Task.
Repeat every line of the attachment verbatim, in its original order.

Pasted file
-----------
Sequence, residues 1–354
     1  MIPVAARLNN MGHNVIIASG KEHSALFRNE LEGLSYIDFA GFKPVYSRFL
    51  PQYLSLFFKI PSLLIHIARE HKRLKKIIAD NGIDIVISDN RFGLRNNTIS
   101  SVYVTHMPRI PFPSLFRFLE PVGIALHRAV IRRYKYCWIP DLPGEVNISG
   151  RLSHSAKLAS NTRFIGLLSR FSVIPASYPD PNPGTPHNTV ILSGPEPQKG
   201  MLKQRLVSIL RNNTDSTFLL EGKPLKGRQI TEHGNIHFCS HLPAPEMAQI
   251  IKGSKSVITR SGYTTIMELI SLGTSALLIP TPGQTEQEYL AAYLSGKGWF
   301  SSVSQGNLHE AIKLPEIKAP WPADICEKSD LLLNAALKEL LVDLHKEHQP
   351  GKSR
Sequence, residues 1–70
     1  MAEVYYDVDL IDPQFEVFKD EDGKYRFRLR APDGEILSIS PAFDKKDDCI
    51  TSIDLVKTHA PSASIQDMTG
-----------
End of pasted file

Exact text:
Sequence, residues 1–354
     1  MIPVAARLNN MGHNVIIASG KEHSALFRNE LEGLSYIDFA GFKPVYSRFL
    51  PQYLSLFFKI PSLLIHIARE HKRLKKIIAD NGIDIVISDN RFGLRNNTIS
   101  SVYVTHMPRI PFPSLFRFLE PVGIALHRAV IRRYKYCWIP DLPGEVNISG
   151  RLSHSAKLAS NTRFIGLLSR FSVIPASYPD PNPGTPHNTV ILSGPEPQKG
   201  MLKQRLVSIL RNNTDSTFLL EGKPLKGRQI TEHGNIHFCS HLPAPEMAQI
   251  IKGSKSVITR SGYTTIMELI SLGTSALLIP TPGQTEQEYL AAYLSGKGWF
   301  SSVSQGNLHE AIKLPEIKAP WPADICEKSD LLLNAALKEL LVDLHKEHQP
   351  GKSR
Sequence, residues 1–70
     1  MAEVYYDVDL IDPQFEVFKD EDGKYRFRLR APDGEILSIS PAFDKKDDCI
    51  TSIDLVKTHA PSASIQDMTG